May 7, 2018
Following the devastation of Honduras by Hurricane Mitch in 1998, Hondurans who were in the United States as of December 20, 1998 have been eligible to remain in the United States in Temporary Protected Status (TPS). The TPS program provides legal status and work authorization for those who meet the requirements, but as the name implies, it is not a permanent immigration solution, as it does not provide a pathway to permanent resident status.
While temporary in name, the TPS program for Hondurans has now been running for almost 20 years, and many who benefit from the program have spent their entire adult lives in the United States.
As announced by the Trump Administration on May 4th, the 57,000 Hondurans who hold TPS status will have to leave the country by January 5, 2020, or else lose legal status and work authorization. The administration claims to be ending the program because Honduras has now recovered from the 1998 hurricane, a debatable claim that ignores the fact that many Hondurans are currently emigrating and seeking asylum due to violence and political unrest. Vox’s Dara Lind further notes that this decision fits in with an overall gutting of the TPS program by the administration that will “have turned 400,000 people who are currently in the US legally into unauthorized immigrants.”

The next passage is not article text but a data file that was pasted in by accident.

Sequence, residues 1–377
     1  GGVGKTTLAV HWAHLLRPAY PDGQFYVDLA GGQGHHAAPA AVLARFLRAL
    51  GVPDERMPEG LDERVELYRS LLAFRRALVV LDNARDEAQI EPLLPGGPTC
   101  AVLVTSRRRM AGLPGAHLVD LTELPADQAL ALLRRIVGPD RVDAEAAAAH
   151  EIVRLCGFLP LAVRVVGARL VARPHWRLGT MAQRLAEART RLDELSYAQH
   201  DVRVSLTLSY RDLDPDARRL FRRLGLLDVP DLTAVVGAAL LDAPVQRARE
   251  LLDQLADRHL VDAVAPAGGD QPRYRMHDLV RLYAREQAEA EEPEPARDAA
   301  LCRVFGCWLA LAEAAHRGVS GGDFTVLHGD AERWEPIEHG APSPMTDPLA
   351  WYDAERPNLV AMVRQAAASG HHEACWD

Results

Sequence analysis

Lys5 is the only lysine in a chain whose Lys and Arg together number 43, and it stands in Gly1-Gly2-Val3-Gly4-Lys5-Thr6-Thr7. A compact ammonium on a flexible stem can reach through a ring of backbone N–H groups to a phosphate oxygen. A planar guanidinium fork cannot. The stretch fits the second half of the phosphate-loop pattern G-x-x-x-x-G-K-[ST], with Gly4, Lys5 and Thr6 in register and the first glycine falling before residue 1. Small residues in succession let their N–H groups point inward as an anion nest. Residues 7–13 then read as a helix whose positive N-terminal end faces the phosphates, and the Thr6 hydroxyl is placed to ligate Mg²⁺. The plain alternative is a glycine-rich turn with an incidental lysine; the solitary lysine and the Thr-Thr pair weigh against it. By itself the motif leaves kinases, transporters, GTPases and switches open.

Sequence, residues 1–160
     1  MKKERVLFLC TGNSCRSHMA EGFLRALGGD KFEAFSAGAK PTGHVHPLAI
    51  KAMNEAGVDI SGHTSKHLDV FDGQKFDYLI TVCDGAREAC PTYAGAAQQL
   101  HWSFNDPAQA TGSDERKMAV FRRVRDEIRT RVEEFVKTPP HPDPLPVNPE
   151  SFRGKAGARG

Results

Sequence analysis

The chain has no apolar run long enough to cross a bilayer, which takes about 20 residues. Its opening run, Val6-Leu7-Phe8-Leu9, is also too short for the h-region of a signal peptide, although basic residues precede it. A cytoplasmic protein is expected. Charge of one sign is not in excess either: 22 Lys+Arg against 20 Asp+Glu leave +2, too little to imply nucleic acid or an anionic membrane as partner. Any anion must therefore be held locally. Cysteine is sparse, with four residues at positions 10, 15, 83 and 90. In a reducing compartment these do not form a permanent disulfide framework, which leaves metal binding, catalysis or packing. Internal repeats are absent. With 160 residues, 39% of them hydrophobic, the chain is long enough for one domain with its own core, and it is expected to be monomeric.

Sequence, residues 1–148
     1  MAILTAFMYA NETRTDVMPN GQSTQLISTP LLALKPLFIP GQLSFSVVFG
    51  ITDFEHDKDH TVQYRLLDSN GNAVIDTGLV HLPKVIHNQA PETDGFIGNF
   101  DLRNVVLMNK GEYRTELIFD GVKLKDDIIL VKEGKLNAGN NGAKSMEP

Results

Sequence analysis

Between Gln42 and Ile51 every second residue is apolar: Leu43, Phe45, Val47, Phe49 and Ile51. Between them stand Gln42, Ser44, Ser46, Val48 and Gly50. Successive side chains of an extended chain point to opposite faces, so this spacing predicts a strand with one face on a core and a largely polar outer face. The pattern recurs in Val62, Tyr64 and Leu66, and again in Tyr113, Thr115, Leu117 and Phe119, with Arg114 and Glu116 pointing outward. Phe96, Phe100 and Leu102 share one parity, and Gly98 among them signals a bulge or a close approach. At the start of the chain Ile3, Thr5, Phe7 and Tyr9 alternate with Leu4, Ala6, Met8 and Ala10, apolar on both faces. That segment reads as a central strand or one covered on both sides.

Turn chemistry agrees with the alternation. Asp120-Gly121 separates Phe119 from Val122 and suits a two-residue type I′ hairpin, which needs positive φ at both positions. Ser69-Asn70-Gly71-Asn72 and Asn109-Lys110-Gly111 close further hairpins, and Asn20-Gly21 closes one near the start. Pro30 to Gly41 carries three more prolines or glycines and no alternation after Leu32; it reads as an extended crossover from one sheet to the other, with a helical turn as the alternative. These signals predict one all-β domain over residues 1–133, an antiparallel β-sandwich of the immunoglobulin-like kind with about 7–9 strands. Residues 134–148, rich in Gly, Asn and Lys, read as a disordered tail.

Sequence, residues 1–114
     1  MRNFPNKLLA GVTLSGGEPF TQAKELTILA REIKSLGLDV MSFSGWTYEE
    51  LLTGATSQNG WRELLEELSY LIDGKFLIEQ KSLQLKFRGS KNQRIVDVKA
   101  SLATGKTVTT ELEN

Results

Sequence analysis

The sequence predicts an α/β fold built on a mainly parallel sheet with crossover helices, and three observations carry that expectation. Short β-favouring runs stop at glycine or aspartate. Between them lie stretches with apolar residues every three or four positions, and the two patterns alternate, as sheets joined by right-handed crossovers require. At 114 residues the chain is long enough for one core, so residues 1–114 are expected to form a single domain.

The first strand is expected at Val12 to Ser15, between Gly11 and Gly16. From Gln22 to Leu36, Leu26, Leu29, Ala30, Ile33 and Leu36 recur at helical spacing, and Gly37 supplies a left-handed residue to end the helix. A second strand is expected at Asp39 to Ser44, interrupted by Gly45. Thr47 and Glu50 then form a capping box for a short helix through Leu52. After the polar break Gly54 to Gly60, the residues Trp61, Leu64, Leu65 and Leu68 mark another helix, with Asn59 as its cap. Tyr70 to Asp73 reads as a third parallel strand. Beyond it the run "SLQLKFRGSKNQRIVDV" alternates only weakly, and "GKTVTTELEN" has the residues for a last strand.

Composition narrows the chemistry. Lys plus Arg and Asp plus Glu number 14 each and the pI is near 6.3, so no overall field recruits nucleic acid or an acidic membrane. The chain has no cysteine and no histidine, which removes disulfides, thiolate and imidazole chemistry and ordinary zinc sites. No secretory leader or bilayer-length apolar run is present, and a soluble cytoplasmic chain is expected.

August 10, 2020Two Executive Orders Issued Regarding Immigrant Workers and Federal Contractors
President Trump has issued two executive orders affecting immigrant workers. The first instructs the Department of Labor to “finalize guidance…More
July 17, 2020Further Updates and Exceptions to Presidential Proclamation For Dependents on H, L, J, and F Visas
The State Department has clarified certain exceptions regarding the Presidential Proclamation restricting the issuance of H, L, and J visas. Our original posting regarding…More